'Boomerang Kids' Should Pay Rent

Sasha Brown-Worsham
26

In this terrible economy, it's becoming more and more common for older children -- sometimes even 25 and older -- to still live at home with their parents. While this phenomenon was once called "failure to launch," it's now the new normal.

According to the New York Post, 13 percent of parents say their adult children have moved back home with them in the past year, and while that may be normal in other countries (when I lived in Italy, it was the norm to live with your parents until you were 30 and/or married), that is odd in the US and it could be a bit disturbing.

It's true that beyond the economy, other things are changing in our country as well. It's no longer enough to have a high school diploma. Most jobs that pay well do require a college degree and often even higher. Plus jobs have changed.

No longer do 22-year-olds graduate from college, take a job, and move up the company ladder until retirement. Now, they change and switch dozens of times, whether because they get laid off or just want to leave. But living at home past 22 is just a bummer. For everyone involved. For the children it's humiliating and depressing, especially if they lived out of the home before, and for the parents, it can often cause them to wonder what they did wrong that their child is unable to make his or her own way.

That said, with my own children, I would never make a hard and fast rule. They are welcome to come in and out of our home if they need to as they go to graduate school or travel the world or get in between jobs, but I would like to believe there is an end point. If my children tried to marry and live in my house, I would feel I had done something wrong in raising them. At a certain point, they would be expected to contribute to expenses in the house, too.

Of course, "Boomerang Kids" have their upside, too. According to the Post:

In many respects, this is a return to the pre-WWII way of living, when young people remained at home longer. Between 1920 and 1940, between 70% and 80% of white males were living at home at age 20, and about 50%-60% of white women were at home. A little more than a third of men were still there at age 25. The post-war fast-track has left such an indelible mark on us that we soon forget that a quick route to adulthood is largely a product of the late 20th century -- when jobs were plentiful and the economy was booming. So perhaps this is a return to the norm.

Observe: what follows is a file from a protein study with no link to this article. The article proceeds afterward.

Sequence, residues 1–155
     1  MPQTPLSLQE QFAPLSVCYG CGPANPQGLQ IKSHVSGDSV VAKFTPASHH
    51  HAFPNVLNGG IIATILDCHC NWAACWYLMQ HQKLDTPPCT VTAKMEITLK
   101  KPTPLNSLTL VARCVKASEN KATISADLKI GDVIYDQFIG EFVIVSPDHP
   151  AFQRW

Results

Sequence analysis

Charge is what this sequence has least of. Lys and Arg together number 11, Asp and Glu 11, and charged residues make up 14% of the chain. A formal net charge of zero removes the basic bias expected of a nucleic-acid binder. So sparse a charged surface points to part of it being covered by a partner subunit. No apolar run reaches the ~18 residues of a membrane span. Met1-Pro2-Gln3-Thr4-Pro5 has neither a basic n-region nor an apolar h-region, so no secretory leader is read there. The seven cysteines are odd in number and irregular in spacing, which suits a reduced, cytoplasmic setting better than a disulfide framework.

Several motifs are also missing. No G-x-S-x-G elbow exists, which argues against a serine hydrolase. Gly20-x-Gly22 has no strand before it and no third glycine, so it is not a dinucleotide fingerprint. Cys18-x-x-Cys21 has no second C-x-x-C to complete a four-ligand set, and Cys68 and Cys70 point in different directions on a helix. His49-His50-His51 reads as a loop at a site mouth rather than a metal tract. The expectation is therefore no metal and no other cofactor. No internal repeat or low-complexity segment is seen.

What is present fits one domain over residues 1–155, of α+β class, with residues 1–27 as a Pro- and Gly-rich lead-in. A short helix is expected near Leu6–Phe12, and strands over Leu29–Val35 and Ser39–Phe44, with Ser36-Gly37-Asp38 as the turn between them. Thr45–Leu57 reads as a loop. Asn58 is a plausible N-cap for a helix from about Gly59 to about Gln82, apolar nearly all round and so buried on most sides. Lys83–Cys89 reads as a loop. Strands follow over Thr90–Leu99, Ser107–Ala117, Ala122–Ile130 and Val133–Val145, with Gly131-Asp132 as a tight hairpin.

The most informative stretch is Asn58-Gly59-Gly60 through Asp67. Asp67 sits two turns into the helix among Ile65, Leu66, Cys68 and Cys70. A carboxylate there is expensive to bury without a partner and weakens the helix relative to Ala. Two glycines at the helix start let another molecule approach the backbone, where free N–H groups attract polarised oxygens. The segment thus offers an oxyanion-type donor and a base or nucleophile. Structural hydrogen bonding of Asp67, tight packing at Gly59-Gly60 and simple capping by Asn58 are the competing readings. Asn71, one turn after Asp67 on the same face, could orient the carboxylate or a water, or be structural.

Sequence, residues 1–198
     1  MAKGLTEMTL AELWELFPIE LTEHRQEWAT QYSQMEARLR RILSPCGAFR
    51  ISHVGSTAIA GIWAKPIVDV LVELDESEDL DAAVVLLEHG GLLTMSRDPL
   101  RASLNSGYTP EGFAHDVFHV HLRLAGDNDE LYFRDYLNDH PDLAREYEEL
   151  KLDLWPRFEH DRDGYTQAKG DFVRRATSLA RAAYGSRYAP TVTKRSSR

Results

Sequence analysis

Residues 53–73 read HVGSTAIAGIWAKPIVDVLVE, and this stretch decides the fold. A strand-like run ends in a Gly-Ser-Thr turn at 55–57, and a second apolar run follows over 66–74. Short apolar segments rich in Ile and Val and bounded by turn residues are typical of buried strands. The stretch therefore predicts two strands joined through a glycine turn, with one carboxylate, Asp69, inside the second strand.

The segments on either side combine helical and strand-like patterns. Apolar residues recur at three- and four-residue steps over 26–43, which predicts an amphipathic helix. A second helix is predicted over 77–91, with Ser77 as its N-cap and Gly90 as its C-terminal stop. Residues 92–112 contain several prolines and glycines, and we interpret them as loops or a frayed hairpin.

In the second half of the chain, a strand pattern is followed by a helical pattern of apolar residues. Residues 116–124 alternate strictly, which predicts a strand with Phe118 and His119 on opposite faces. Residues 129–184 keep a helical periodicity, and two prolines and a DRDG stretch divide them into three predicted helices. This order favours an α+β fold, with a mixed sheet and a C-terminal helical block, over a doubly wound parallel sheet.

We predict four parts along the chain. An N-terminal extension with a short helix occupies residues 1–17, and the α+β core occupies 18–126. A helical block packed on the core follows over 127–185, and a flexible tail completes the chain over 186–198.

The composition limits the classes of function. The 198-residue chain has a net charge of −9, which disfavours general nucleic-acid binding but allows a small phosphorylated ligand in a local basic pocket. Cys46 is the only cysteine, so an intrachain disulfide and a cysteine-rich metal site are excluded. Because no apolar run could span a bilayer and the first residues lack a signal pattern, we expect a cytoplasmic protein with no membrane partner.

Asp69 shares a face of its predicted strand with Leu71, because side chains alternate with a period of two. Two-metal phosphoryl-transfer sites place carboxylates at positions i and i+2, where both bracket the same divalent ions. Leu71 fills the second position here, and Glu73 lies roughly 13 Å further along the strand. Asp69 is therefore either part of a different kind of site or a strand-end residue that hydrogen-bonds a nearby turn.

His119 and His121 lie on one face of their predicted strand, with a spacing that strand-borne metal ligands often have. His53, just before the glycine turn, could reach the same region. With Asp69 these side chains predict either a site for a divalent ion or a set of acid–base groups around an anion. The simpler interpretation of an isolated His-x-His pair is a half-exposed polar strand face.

It would be nice to have more hands on deck to help with the kids and intergenerational living has its benefits, too. When it becomes a problem is when a 26-year-old is still living at home, not traveling or exploring the world, not working and not contributing. At a certain point, living on one's own is a necessary part of the growing up process. If you never have to pay a bill or budget or hold down a job, then you never really become your own person.

My children will be welcome to come in and out of my house as long as there are other pursuits and goals involved. If they are at home saving money for graduate school or to travel the world for a year or pursuing a writing or art career, then fine. But if they are just playing video games, working odd jobs, and channel surfing, then it's rent time, baby.

Would you let your adult children move back in?

 

Image via Facebook

Read More